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Discussion Starter · #1 ·
I know, I know, router tables have been hashed over on this forum many times, but for the benefit of the "Table Design Challenged" can we pick away at some of the finer points of Table and fence design?

I have been reading articles in both paper and online regarding router tables and have been pondering what to use and what to improve on. I have picked up on some awesome links provided right here (thanks to you guys and gals) and have some great ideas from them. I'm taking a ton of ideas from the Dec 2005 issue of Woodworkers Journal's excellent article on "The Ultimate Router Table".

Not so short and sweet. I have limited space in a 22' wide by 26' long "super single" garage. The 16' door is off set to provide a 3 ft wide storage space down one 26' wall for all of my wood working tools to be rolled under a bench when not in use. Yup, it's all on mobile bases. The garage is used to park a full size extended cab long box pickup truck (yes it does suck in parking lots) as with Canadian winters I hate brushing snow and scraping frost. The space on the 22' wall is already spoken for (mechanical & metal fab).

The top I have chosen is a piece of 18" x 31" (thats how long my miter gage track is) x 1 3/4" laminate beam. (sag that puppy!) I will sand the beam to +/- .001" of flat before applying the arborite to the top and bottom.

Finally here's the question! In most of the plans I have seen there is a acre of room behind the fence with the router centered in the table top (usually 24" wide) with an 19 1/2" wide table top (including the 3/4" trim) I would like to reduce the space behind the fence to allow more "working area" for the wood on the table as well as room for the miter gage. Are there any hard and fast rules in building a table regarding distance between the router plate and the miter track? Between the router plate and the (behind fence) edge of the table? What about fence travel distances? With the miter gage I have purchased (it's a 9" wide bull) the track will be centered 4 1/2" from the edge of the table. Do you think I am trying to go too compact and crowded?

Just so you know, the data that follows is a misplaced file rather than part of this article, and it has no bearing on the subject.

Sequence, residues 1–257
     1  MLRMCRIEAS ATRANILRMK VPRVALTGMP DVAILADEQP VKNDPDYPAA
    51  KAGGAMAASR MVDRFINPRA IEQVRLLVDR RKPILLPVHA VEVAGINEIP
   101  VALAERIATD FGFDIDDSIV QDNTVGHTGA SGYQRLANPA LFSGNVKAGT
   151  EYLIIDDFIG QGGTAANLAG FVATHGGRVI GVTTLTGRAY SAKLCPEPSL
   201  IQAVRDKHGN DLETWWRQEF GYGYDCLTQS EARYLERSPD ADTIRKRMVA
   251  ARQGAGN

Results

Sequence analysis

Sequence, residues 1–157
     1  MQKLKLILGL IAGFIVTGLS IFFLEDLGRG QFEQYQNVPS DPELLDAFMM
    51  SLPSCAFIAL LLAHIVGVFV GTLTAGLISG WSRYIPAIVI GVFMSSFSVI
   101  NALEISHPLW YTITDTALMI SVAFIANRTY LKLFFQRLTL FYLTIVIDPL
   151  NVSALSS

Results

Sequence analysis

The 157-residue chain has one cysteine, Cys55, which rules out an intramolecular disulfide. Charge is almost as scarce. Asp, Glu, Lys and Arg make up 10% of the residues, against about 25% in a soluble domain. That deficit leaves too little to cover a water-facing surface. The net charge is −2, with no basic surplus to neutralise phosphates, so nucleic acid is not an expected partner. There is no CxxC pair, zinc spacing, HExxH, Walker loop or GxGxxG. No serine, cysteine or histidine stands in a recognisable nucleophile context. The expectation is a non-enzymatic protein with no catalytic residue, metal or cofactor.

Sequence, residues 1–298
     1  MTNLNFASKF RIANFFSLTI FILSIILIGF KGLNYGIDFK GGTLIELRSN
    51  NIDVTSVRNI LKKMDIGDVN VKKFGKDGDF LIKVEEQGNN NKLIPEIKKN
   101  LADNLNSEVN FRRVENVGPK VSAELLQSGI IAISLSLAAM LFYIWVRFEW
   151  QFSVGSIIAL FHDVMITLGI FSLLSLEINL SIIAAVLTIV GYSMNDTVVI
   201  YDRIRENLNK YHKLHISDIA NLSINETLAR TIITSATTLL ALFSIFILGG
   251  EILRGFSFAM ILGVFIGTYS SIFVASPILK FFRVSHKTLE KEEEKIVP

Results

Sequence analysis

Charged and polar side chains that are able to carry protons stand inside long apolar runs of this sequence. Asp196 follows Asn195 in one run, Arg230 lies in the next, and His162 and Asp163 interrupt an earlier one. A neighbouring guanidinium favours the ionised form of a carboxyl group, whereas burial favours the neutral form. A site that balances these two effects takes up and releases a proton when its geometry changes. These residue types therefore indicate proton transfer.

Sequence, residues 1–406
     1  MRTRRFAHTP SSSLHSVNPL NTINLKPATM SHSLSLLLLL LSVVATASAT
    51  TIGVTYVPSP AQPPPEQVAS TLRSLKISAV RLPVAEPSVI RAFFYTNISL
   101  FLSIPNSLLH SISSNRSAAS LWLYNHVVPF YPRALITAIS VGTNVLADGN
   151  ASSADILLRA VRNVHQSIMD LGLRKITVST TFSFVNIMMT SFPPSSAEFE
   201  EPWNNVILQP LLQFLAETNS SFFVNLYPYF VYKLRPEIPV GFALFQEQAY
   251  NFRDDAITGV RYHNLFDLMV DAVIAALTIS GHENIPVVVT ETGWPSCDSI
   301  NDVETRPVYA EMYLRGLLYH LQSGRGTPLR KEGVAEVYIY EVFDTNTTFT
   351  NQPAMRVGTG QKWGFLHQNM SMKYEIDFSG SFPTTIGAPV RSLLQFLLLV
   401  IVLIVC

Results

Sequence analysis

In your replies please include "why" it has to be done that way.

TIA,
CB
 

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I recently built a router table that does not have a miter track. But since I also deal with very limited space I thought I would share with you how and why I built it the way I did.
I thought I had an "originial" design, but the other day I saw one on a site with free plans that was almost identical. My table is 34x24 and about 5" tall. It's basically just a top with a rectangular frame attatched on the underside so I can clamp it into a B&D Workmate folding workbench.
When planning my table I searched several online retailers and found the same [router in the center]. I could not see any reason I would ever run stock between the fence and the bit. So I oriented my table the the opposite way [fence is 24"] and centered the router 14" from the edge. I went that far in to keep the weight of the router closer to the center of the workmate.
The fence rides in T-track and has a T-track in it for a featherboard for downward pressure. I also made a sled [very similar to the MLCS sled] to make the cope cuts on some cabinet doors I've been making. The sled rides against the fence so it does not require lining up a miter track, a bit, and the fence.
I may add a miter track at some point. But it would be for accessories[featherboard, etc.]and would be spaced to fit at that point.

Rusty
 

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Discussion Starter · #3 ·
Thanks for the repy Rusty. I'm glad to see someone thinking outside the box ( your 24" fence).

I had the good fortune of talking to a commercial cabinet contractor today at the BORG. I mentioned my ideas to him and he said "They ought to work well." He was kind of confused at first when I explained my fence design (it's over kill) but understood that I only want to build ONE router table.

I'll take some pictures as I go along and keep them in a file. When I'm finished I'll (god willing) figure out how to post them so we can all have a good chuckle.

Cheers!
CB
 

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newbie here. pls click the link below for my introductory post in this forum:

http://routerforums.com/showthread.php?p=22203#post22203

seems most of us have limited space as a major factor when planning to build a router table. well, add to this limited budget in my case.

i am in the process of making plans for a router table. and like canuckbeaver, i want my router table to be my first (and i hope), my only router table. i want to do this right the first time.

i'm not only table design challenged, as canuckbeaver puts it; i am design challenged, period, especially when it comes to woodworking. so please excuse my defficiencies.

can any of you guys provide me with as much information (web links are preferred) as there may be with regards to designing and constructing a router table for my application. again, pls click the link i provided to see my requirements.

thank you so much in advance and more power to you guys!!

jun
 

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I'm currently working on a table myself - however, at this point have made no drawings and probably won't untill I start making the fence, and those drawings will be sketchy at best - however, maybe take a look at these for some ideas, and they'll also lead you to some other sites and plans: